Pendergast: 6 Questions I Still Have About NBA 2019-20, v 2.0

Sean Pendergast
June 05, 2020 - 7:05 am
(SportsRadio 610) -- For the first time, in a long time, sports normalcy, at least as much as there can be during a global pandemic, began to ascend over the horizon on Thursday afternoon.
The NBA Board of Governors approved by a 29-1 margin to resume the 2019-2020 NBA season at the Wide World of Sports in Orlando, Florida. The players are expected to ratify the deal on their end on Friday. 
The league will welcome back 22 of the 30 teams (13 in the West, 9 in the East) for a training camp throughout July, with eight regular season games for each team resuming on July 31. The entire season and postseason will conclude no later than October 12. Structurally, the only new wrinkle is a possible play-in in each conference, whereby of the 9th seed is within four games of the 8th seed at the end of the regular seaosn, the two teams will face off for the right to seize the last playoff spot. (The 9-seed would have to win twice, the 8-seed just once.)
Personally, I’m disappointed the NBA didn’t get more exotic with the structure of the whole deal, but in the end, it’s just nice to have hoops coming back. That said, I have a few more questions that have yet to be answered. Take note, NBA! Here we go….
Why are they waiting so long to resume?
It really does seem like a missed opportunity here to let the entire month of June come and go before sending players to Orlando — word is they will fly down on July 7 — especially when you consider that the NBA is voluntarily running their postseason against the first month or so of NFL football.
One reason for the delay may have to do with bringing overseas players back to the United States, as each player would be required to go into quarantine for two weeks. 
How will it be broadcast?
A big reason why they are playing eight regular season games is to allow the participating teams to fulfill their contractual obligations to their regional sports networks (in Houston, that’s AT&T SportsNet). But will the broadcast partners send announcers into the bubble they’re creating in Orlando? Will national announcers be allowed in, but local announcers left at home? Also, will the league spread out games throughout the course of the day to allow fans to consume as much basketball as humanly possible. According to ESPN.com, there will be playoff basketball in afternoons on weekdays! HOLY MARCH MADNESS STYLE, BATMAN!!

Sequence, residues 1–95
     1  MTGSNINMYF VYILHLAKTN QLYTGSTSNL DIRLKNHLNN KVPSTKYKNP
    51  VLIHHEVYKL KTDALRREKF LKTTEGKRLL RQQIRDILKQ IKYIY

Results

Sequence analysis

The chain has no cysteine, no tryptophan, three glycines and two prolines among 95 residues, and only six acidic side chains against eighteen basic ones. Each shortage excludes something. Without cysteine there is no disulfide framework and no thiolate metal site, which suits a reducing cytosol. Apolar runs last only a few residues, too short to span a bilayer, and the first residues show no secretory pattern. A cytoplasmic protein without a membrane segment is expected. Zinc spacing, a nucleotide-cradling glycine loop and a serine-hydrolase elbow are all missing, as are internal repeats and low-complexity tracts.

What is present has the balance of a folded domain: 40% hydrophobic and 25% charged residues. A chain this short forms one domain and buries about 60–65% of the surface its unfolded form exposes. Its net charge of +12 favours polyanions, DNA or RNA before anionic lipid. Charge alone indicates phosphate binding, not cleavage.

Will there be any “home court advantage”?
In a traditional sense, there obviously will not be a home court advantage, as these are all neutral site games being played in front of empty arenas. Hell, even the Orlando Magic don’t get the advantage of sleeping in their own beds, as they, too, have to stay inside the figurative bubble.
The closest thing we might see to a home court advantage would be higher seeded teams getting to use their own hardwood floor with their own logo (a minor psychological thing, I suppose), and once families are allowed in the bubble, we could see some AAU tourney style family cheering sections. That’s about it.
Who gets what Disney hotel? 
It’s funny, one idea the league supposedly had to try to give some sort of advantage to the higher seeded teams would be to allow them to choose which Disney property they stay at. Let me just say that I LOVE THIS, and I would want to see the “resort draft” take place simulcast on ESPN and the Disney Channel (and the Travel Channel).
Honestly, it might pop a bigger number than some of the NHL playoff games. For the record, I think the Bucks would take the Grand Floridian with the first pick, and I think the Wizards would wind up staying in those crappy cabins on the Wilderness resort property. 
What if a player doesn’t want to play? 
I can’t imagine that a player who would want to opt out for COVID concerns wouldn’t be allowed to, considering the NBA has been the most cautious and has long been the most player friendly of the major league sports. One thing, regarding the virus — the league is definitely not shutting down at the first sign of it, like they did in March when Rudy Gobert tested positive. They’ll have protocols in place, and they WILL get these games in. 
2020-2021, what will that be like?
Well, considering that the league plans to finish up in mid-October, and start training camp for the next season in early November, with the first games on December 1, I would say next season might look pretty bedraggled and sloppy! But who the hell cares???
HOOPS IS COMING BACK!! 
Listen to Sean Pendergast on “Payne and Pendergast” from 6 a.m. to 10 a.m. weekdays.